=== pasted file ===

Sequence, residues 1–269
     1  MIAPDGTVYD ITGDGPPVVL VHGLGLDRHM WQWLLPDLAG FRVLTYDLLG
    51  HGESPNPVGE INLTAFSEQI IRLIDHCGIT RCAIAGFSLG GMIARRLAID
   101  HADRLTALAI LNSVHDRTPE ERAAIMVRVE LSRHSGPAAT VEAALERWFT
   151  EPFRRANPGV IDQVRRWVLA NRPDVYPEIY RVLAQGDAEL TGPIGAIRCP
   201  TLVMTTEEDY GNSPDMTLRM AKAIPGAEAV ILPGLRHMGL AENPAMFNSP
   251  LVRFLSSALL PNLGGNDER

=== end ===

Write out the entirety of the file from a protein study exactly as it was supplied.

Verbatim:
Sequence, residues 1–269
     1  MIAPDGTVYD ITGDGPPVVL VHGLGLDRHM WQWLLPDLAG FRVLTYDLLG
    51  HGESPNPVGE INLTAFSEQI IRLIDHCGIT RCAIAGFSLG GMIARRLAID
   101  HADRLTALAI LNSVHDRTPE ERAAIMVRVE LSRHSGPAAT VEAALERWFT
   151  EPFRRANPGV IDQVRRWVLA NRPDVYPEIY RVLAQGDAEL TGPIGAIRCP
   201  TLVMTTEEDY GNSPDMTLRM AKAIPGAEAV ILPGLRHMGL AENPAMFNSP
   251  LVRFLSSALL PNLGGNDER